fear that it is lost), Xb (B: Tryambakaliga, BPPP Yogyakarta BG ), Xc (C: Haraliga, BPPP
Yogyakarta / BG ). In his Addenda c (De Casparis :), De Casparis reported
on the discovery of the three other inscriptions of this group, namely ambhuliga (D: BPPP
Yogyakarta ; photo OD/DP ), Pinkiliga (E: BPPP Yogyakarta ) and a sixth in-
scription most probably also related to the foundation of a liga whose name is lost in a lacuna
(F: BPPP Yogyakarta = BG ). e sequence indicated in capital letters is adopted here
from unpublished work by Jan Wisseman Christie, while the nomenclature by liga names for
the rst ve is that proposed/implied by Damais in his valuable notes on De Casparis readings
and interpretations (: and ), and adopted also in his list of Central Javanese
inscriptions, which excludes EF (Damais :). e inscriptions BF are included in a
publication of BPPP Yogyakarta (Pusaka Aksara Yogyakarta; Alih Aksara dan Alih bahasa
Prasasti Koleksi Balai Pelestarian Peninggalan Purbakala Yogyakarta), which contains numerous
errors of fact and of omission, and will therefore not be referred to in this contribution. Inked
estampages of inscriptions BF are available at the EFEO. It is the last inscription, F, that will
mainly concern us here.
. BPPP Yogyakarta ; an inked estampage is available at EFEO. See Setianingsih .
. All of these variants of the epithet refer to one aspect of Agastya mythology, namely that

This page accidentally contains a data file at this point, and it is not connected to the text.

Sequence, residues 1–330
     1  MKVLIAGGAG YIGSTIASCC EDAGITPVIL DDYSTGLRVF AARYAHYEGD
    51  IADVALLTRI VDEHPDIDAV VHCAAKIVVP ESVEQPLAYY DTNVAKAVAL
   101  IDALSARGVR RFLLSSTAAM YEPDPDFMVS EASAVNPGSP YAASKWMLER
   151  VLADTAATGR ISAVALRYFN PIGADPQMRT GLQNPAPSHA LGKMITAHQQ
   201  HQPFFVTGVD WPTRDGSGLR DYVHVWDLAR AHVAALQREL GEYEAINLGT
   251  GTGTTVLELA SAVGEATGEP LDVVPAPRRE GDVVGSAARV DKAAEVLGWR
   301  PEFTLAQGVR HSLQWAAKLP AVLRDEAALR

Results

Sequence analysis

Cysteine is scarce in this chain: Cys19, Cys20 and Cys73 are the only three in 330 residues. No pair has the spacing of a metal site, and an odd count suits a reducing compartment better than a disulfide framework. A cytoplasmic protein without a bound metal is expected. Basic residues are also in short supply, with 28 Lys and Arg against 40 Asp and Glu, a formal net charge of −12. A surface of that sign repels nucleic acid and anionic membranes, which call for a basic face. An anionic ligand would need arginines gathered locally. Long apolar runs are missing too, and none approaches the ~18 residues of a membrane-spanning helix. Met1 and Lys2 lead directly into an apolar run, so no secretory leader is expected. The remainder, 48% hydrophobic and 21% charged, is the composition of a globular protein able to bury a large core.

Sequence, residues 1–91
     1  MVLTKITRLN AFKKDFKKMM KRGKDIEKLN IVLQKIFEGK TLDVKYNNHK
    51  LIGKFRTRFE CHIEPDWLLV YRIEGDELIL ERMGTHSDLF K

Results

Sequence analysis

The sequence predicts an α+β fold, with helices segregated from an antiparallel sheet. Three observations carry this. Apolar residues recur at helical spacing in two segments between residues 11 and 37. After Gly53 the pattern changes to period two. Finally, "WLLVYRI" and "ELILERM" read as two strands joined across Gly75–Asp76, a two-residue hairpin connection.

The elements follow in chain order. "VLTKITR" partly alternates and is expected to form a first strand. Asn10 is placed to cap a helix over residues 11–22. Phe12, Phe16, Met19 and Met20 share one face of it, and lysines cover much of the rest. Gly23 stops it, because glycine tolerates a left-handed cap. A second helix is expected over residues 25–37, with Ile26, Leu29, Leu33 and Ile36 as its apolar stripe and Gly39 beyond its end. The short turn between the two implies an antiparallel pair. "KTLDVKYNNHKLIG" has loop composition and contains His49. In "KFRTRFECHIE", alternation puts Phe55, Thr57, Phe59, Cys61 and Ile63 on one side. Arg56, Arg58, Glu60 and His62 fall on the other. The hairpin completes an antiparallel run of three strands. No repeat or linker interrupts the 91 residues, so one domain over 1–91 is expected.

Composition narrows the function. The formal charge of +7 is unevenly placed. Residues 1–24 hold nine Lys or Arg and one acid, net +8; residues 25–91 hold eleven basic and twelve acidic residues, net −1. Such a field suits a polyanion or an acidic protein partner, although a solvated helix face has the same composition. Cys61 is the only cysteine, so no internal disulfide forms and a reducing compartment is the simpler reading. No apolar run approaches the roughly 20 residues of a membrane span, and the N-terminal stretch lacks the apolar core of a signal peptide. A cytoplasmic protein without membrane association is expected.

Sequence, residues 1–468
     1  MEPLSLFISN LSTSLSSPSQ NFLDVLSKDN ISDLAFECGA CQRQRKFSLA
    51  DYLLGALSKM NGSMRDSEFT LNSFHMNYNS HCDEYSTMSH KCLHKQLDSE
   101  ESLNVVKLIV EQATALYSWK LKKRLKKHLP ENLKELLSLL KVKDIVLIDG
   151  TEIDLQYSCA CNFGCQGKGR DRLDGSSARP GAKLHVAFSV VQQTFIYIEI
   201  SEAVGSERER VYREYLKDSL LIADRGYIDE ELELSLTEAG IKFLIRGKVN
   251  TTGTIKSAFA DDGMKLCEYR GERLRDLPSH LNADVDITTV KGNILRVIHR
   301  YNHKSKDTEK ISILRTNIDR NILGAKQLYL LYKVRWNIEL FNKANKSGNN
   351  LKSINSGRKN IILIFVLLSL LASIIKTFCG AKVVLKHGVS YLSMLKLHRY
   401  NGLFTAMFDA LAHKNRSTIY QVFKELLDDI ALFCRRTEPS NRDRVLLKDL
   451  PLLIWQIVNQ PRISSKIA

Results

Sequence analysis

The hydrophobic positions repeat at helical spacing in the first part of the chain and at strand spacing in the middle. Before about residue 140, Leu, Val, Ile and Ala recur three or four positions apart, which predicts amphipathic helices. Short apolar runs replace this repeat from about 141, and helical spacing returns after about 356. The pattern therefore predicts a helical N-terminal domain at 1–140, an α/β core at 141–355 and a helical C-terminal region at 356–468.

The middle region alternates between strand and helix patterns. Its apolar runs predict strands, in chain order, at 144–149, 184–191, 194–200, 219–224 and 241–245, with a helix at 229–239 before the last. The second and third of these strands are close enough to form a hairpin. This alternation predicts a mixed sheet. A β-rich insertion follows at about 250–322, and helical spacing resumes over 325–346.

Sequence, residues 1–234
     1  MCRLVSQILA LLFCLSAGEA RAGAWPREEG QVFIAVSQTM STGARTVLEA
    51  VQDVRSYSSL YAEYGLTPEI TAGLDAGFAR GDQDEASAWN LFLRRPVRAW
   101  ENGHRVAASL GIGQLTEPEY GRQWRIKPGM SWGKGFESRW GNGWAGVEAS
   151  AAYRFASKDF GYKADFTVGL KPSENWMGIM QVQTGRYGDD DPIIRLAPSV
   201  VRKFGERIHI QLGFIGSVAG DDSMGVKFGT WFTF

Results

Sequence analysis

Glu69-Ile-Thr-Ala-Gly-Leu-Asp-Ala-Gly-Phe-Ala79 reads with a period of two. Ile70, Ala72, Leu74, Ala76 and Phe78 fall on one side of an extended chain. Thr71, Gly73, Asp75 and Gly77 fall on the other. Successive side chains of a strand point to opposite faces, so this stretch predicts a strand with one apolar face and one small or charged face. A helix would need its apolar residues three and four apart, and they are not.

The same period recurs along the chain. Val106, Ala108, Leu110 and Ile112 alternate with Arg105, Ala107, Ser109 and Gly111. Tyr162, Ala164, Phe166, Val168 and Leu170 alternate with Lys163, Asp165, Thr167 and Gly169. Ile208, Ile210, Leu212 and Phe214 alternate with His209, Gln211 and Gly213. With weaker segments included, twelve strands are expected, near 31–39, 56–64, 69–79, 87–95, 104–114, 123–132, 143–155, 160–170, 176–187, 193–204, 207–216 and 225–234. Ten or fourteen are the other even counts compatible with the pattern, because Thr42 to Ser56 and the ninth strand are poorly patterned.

he was born from a Pot (kumbha or kalaa). In repeatedly using the word jaladhi ocean, the
incompletely preserved stanzas and of the inscription Ratu Baka F to be included in my
forthcoming publication of the complete inscription may have alluded to another important as-
pect of Agastya mythology, namely that he had drunk the ocean (see Sanderson :,
note , mentioning the epithet Ptbdhi He who drank the ocean, with abdhi a synonym of
jaladhi, besides presenting a hypothetical reconstruction of the name Ptajala/Ptajala of the
h of the ve Kuikas as *Ptajala, which would have had the same meaning). If a reference
to the ocean-drinking myth was indeed included in Ratu Baka F, before the stone got severely
damaged, Aicheles argument (:) assuming the conscious non-mentioning of this second
aspect of Agastya mythology in the KR must be reconsidered.
. First published by A.B. Cohen Stuart and J.J. van Limburg Brouwer in . See also Kern